“A lot of employers are pretty stuck,” he explained. “They don’t know how to size the population, there’s no claims data to support because there hasn’t been an existing benefit, there’s no ICD-9 codes to pull for the most part, and then when they do start to address it, the cost seems insurmountable.”

Civello defined “benefits” in a broader context, using the dictionary definition as “something that is advantageous or good.” He urged attendees to keep this definition in mind with regard to employee benefits, and to remember the human side of their work.

He stressed that the most important thing was to take care of basic employee needs.

“If you’re not even serving their most basic needs, you cannot expect them to be engaged in your workforce, or even come to work,” he said.

He advised attendees to leverage Autism Awareness Month in April to introduce and bring attention to the issue in their workplaces. Mother’s Day in May and Father’s Day in June could also be used for this purpose.

Civello cautioned that when trying to assess what needs to be done, claims usually don’t reveal the full picture. He recommended that attendees instead look at the full population, then look at the number of dependents and at tax forms. From there, he advised them to calculate 14 percent of that number to get a basic idea of how many employees are affected by developmental disabilities. He based this on the CDC statistic of 14 percent of children being diagnosed with a developmental disability.

Innovative options

Civello urged any employers who are able to add applied behavioral analysis (ABA) to their coverage, but acknowledged that this may not be possible for many companies due to the expense. For employers who cannot sponsor this benefit, he advised coming up with a task force on the issue to make employees feel heard.

One possibility he highlighted was providing resources to help parents plan in light of the obstacles they face. This could take the form of financial planning services, support for developmentally disabled dependents transitioning into adulthood, and assistance getting into the job market and living independently.

Civello also encouraged attendees to embrace technology, particularly telemedicine and tele-consulting. He mentioned that most BCBAs are women, and eventually leave the workforce due to both high burnout rates, and because they have their own children at home. However, many practice telemedicine as a means of continuing to work in the field while balancing their own needs. This is also helpful for families who are not located near providers, as it saves them travel time.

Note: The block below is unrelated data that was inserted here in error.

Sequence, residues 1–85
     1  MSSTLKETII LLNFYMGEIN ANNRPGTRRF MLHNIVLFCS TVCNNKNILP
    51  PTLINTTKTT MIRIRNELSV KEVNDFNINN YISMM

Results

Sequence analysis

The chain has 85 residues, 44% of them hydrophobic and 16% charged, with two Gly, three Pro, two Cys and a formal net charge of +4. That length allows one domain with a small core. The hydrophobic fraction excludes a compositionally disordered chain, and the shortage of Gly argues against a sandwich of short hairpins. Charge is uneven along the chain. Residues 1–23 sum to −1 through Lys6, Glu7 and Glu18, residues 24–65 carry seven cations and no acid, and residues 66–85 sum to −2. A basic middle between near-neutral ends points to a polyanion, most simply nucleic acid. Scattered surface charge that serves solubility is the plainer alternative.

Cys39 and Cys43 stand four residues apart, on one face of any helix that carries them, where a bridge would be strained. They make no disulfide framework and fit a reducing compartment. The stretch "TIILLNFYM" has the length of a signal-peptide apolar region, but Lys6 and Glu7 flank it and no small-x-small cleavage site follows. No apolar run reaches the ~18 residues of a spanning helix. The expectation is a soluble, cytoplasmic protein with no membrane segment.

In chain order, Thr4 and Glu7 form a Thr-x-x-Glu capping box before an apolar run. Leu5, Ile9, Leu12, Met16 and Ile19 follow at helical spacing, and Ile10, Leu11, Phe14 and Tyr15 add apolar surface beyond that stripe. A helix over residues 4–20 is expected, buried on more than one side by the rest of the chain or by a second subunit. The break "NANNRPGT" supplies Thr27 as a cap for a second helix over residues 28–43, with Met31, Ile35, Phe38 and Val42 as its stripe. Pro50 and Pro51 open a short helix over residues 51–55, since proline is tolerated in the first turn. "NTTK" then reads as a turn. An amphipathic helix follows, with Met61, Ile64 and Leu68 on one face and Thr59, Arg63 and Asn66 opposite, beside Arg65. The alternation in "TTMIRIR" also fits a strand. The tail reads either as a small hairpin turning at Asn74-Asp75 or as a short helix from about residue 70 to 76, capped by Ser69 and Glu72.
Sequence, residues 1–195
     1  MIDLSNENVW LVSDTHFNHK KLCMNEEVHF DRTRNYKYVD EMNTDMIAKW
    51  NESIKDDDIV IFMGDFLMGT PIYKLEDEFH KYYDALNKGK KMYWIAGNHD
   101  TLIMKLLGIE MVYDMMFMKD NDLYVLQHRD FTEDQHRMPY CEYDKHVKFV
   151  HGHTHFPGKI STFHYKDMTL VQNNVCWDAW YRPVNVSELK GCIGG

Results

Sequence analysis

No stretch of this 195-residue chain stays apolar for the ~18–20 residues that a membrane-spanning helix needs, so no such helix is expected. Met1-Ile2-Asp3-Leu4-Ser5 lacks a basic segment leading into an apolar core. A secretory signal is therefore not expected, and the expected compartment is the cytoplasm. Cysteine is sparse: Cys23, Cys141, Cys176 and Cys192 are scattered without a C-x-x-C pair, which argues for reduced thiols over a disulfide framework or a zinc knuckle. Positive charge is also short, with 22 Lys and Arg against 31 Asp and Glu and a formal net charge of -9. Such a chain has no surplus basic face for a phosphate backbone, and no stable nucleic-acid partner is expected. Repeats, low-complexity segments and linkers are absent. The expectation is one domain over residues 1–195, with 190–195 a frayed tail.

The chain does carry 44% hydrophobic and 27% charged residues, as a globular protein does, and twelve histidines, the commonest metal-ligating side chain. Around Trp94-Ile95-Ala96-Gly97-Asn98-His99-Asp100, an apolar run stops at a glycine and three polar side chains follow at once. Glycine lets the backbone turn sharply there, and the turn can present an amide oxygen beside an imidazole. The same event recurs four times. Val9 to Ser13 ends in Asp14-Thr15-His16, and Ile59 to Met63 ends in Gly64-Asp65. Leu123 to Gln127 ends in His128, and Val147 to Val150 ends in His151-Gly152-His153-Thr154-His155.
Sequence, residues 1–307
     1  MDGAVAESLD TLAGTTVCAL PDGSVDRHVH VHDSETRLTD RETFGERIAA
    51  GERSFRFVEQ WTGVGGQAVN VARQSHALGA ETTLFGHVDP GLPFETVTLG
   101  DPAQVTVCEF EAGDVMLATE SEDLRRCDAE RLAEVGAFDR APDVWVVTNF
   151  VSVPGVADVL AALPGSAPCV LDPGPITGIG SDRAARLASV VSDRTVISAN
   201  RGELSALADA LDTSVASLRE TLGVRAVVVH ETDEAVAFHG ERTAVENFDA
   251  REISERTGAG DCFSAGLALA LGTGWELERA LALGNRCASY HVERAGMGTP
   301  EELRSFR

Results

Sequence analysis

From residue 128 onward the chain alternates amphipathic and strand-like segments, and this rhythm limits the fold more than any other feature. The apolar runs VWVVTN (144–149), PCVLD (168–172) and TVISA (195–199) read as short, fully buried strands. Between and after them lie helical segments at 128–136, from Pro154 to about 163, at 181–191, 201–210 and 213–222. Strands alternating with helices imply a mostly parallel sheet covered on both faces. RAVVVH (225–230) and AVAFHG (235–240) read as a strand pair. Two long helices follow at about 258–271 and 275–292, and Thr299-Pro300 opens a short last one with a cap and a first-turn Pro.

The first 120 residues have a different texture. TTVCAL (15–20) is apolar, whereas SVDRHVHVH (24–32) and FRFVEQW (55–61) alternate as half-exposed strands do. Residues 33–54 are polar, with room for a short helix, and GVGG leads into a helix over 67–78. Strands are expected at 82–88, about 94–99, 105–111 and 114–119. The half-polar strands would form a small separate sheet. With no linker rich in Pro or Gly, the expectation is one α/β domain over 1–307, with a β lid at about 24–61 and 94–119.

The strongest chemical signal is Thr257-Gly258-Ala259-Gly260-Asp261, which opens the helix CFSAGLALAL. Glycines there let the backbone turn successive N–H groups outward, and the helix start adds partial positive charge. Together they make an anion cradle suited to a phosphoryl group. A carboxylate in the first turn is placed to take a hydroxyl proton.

“They’re doing video calls with parents, coaching and training them in the home to work with their child, they can see them in the home,” he said. “Get comfortable with technology, because your employees are.”

Civello predicted that technology and telemedicine would come into play with more and more conditions. Microsoft is working on motion-detecting software that allows therapists to remotely attend to patients with physical disabilities and injuries.

A business case for benefits

In addition to new technologies, there are also traditional resources that can help. For companies eager to boil everything down to ROI, Civello posed the question: “what’s the cost of doing nothing?” He encouraged attendees to used the available statistics and research to show the numbers of employees who leave the workforce, pass up promotions, and cut hours.

“All of those things are your business case,” he said.

He also advised utilizing sales and marketing teams to help craft a compelling business case for addressing these issues. Focusing on the cost of doing nothing, featuring anecdotes, and even using video excerpts are some strategic approaches to get executives to pay attention to the need to address developmental disabilities. Given the national and multinational nature of many companies, executives may be out of touch with the everyday challenges facing employees dealing with developmental disabilities. For example, executives in California, where there are more BCBAs, may not be aware of the hardships in accessing similar care for their employees in Iowa.

“The purpose of all of this is to create new advantages,” Civello concluded. “I really believe that in employee benefits and HR, this is what are jobs are every day: to create new advantages for our companies for creating new advantages for our employees.”